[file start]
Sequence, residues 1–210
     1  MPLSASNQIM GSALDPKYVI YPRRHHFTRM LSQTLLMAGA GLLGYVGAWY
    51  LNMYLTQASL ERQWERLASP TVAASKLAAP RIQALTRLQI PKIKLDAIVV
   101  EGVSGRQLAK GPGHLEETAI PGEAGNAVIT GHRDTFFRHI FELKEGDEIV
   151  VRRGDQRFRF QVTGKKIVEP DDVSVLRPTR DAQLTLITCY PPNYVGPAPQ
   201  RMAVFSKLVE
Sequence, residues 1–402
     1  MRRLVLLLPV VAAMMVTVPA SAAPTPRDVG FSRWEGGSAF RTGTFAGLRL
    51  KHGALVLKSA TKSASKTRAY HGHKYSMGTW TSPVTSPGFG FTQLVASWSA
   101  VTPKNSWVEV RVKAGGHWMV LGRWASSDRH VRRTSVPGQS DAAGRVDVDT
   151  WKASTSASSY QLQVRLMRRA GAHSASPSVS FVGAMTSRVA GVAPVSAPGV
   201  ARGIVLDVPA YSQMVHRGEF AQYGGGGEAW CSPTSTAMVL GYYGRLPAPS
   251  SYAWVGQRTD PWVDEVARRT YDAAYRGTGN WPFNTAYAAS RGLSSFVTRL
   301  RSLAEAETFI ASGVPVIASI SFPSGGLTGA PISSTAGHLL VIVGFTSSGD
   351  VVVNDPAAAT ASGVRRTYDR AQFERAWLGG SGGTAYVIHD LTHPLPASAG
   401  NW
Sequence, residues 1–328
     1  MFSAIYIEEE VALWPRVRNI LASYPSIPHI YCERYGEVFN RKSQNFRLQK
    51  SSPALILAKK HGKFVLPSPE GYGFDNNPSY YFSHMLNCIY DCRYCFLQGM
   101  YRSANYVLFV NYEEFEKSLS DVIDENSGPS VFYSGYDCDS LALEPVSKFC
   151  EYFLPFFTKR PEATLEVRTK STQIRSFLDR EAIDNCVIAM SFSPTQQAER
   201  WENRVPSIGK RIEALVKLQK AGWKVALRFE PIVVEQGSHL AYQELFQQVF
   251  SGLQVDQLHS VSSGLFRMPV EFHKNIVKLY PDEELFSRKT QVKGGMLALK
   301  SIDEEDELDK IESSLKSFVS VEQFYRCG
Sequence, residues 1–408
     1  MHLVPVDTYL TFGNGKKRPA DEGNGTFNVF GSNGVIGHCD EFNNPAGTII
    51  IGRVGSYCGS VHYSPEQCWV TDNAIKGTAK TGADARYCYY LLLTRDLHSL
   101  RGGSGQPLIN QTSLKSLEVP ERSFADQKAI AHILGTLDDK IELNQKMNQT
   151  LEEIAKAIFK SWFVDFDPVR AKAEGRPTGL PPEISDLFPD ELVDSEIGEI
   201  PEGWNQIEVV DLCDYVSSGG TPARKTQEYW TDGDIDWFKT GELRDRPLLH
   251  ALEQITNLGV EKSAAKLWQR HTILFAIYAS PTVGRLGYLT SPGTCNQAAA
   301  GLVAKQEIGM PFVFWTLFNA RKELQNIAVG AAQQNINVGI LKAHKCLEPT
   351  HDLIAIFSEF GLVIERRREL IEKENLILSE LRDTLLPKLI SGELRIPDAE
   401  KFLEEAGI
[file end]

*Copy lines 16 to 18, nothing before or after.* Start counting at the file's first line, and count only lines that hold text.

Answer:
   401  NW
Sequence, residues 1–328
     1  MFSAIYIEEE VALWPRVRNI LASYPSIPHI YCERYGEVFN RKSQNFRLQK